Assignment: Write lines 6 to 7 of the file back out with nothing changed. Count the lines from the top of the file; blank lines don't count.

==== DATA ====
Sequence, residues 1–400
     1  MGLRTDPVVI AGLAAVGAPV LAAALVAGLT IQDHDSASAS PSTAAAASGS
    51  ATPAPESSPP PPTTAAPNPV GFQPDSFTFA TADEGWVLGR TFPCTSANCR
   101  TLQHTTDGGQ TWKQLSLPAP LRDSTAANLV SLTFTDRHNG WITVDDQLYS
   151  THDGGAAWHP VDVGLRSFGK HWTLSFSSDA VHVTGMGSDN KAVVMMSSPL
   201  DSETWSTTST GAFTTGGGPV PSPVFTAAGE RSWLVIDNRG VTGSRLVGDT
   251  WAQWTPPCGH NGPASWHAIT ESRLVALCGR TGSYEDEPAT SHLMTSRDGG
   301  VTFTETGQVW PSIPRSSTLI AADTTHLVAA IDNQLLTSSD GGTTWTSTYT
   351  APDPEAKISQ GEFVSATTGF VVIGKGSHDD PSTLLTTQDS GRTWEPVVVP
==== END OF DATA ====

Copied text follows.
   201  DSETWSTTST GAFTTGGGPV PSPVFTAAGE RSWLVIDNRG VTGSRLVGDT
   251  WAQWTPPCGH NGPASWHAIT ESRLVALCGR TGSYEDEPAT SHLMTSRDGG